*Includes a bibliography for further reading
In terms of geopolitics, perhaps the most seminal event of the Middle Ages was the successful Ottoman siege of Constantinople in 1453. The city had been an imperial capital as far back as the 4th century, when Constantine the Great shifted the power center of the Roman Empire there, effectively establishing two almost equally powerful halves of antiquity's greatest empire. Constantinople would continue to serve as the capital of the Byzantine Empire even after the Western half of the Roman Empire collapsed in the late 5th century. Naturally, the Ottoman Empire would also use Constantinople as the capital of its empire after their conquest effectively ended the Byzantine Empire, and thanks to its strategic location, it has been a trading center for years and remains one today under the Turkish name of Istanbul.
In the wake of taking Constantinople, the Ottoman Empire would spend the next few centuries expanding its size, power, and influence, bumping up against Eastern Europe and becoming one of the world's most important geopolitical players. It would take repeated efforts by various European coalitions to prevent a complete Ottoman takeover of the continent, and one of the most important battles among those efforts took place at Vienna in 1529.
At the time, the Ottomans were led by one of their most famous sultans, Suleiman the Magnificent, and different chroniclers have analyzed Suleiman's behavior in different ways. There is a plethora of opinions as to his motives for attempting the takeover of Vienna, a well-guarded city far away from his empire's center. Had he intended to conquer the whole of the Holy Roman Empire? Had he intended to strengthen his borders? Had he acted in accordance with King Francis I's needs in the West? No matter the reason, Suleiman did not halt in his advances, despite the fact circumstances were not favorable for the Ottomans. The summer rains had already begun when he set out for Vienna, making most of the roads inaccessible both for cavalry and moving the heavy pieces of artillery needed for a successful siege. The camels brought from Anatolia proved too sensitive for the cold, constant rain and died in large numbers, and many of the soldiers shared the same fate.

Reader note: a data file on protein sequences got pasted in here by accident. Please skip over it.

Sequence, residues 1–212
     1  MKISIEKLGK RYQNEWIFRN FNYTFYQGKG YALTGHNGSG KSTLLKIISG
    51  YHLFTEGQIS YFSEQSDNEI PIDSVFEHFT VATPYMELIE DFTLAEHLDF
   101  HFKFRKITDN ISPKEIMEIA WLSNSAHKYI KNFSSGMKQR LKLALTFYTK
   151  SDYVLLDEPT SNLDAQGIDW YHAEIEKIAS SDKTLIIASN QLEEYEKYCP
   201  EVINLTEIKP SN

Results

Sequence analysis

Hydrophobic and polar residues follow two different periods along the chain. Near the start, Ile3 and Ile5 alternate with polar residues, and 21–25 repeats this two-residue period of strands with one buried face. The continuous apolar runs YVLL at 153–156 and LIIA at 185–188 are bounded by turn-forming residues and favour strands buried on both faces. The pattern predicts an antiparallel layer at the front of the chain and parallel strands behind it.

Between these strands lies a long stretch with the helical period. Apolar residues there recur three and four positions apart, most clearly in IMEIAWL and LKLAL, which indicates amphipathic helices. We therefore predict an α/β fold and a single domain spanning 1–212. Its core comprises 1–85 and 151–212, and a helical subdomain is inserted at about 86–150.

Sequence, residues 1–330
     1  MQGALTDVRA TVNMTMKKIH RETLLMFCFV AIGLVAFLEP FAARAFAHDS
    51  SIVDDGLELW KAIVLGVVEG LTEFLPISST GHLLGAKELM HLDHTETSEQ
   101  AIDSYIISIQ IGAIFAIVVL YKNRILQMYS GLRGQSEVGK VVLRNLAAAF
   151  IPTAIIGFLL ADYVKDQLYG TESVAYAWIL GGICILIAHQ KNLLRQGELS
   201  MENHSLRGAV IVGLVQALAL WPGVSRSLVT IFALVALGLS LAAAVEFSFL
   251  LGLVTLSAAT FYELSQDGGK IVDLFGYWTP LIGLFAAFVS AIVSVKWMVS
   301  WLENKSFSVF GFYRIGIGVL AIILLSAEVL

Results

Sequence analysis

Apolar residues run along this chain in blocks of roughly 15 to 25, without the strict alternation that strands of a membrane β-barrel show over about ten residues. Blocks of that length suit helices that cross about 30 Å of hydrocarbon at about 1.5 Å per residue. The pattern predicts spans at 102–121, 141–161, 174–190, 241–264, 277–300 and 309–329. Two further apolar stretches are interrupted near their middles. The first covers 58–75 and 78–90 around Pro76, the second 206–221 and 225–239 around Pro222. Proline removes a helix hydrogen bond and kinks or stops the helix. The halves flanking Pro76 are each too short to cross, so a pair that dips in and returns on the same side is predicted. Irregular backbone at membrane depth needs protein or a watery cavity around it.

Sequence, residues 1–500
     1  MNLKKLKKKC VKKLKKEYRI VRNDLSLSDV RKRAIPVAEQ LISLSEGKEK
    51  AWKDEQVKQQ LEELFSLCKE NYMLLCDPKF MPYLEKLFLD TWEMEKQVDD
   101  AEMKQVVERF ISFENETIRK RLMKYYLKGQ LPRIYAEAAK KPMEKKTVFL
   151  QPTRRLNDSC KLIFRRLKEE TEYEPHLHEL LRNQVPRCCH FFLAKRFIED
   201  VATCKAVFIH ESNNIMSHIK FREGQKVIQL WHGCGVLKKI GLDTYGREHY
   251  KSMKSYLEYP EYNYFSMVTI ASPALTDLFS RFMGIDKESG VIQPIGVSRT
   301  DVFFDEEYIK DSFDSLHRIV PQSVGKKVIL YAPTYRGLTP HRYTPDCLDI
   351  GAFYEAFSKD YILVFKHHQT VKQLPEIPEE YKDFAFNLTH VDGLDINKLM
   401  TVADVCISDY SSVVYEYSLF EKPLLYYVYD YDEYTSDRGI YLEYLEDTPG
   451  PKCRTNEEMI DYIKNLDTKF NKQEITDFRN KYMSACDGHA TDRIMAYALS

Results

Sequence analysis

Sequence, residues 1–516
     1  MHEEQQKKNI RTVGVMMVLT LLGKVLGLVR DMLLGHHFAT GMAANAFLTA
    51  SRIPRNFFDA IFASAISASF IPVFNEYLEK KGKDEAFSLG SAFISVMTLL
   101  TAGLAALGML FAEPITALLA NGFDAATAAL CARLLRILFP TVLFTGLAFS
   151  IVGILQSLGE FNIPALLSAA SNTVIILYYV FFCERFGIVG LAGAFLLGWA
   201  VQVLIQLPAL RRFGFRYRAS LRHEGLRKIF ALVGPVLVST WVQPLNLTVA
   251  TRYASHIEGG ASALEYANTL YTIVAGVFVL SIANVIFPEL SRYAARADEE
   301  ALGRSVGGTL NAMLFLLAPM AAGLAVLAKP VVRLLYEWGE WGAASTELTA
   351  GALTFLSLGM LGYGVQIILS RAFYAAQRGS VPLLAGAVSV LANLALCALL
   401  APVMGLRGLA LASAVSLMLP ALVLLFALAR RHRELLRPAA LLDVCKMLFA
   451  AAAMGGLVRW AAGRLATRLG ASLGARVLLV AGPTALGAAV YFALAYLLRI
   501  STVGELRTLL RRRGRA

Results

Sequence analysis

By the time they arrived around Vienna in late September, the Ottoman forces were heavily depleted, and many siege armaments had been left behind when stuck in the mud. The population of Vienna had seen the enemy coming, giving them plenty of time to reinforce, strengthen, and prepare. When they launched the siege, the Ottoman forces lacked conviction, making it easy to fight back during the initial attacks. After making no real progress, the soldiers lost their motivation when the weather took a turn for the worse shortly into the siege. Suleiman's supply of food and water diminished, and the troops were close to mutiny. In a final "all or nothing" attempt, the Ottomans attacked with all the strength they had left, trying to break Vienna's fortifications, which refused to yield. Suleiman accepted defeat, gathered his men, and returned to Anatolia. The hasty departure from Vienna resulted in the loss of heavy armaments, as well as troops and prisoners in the heavy snowfall.
Modern historians speculate as to why Suleiman persisted with the siege even though the Ottoman forces were evidently weaker than the forces in Vienna upon their arrival. As an experienced, strategic warrior, it is most likely he realized his disadvantage and the full scale of his potential losses. It was also probable that the last burst of attacks was merely a means with which to weaken the city walls for a future siege. The second attempt, in 1532, was met with the same mix of bad luck and good defenses, and Vienna marked the limit of Ottoman advances in the West.
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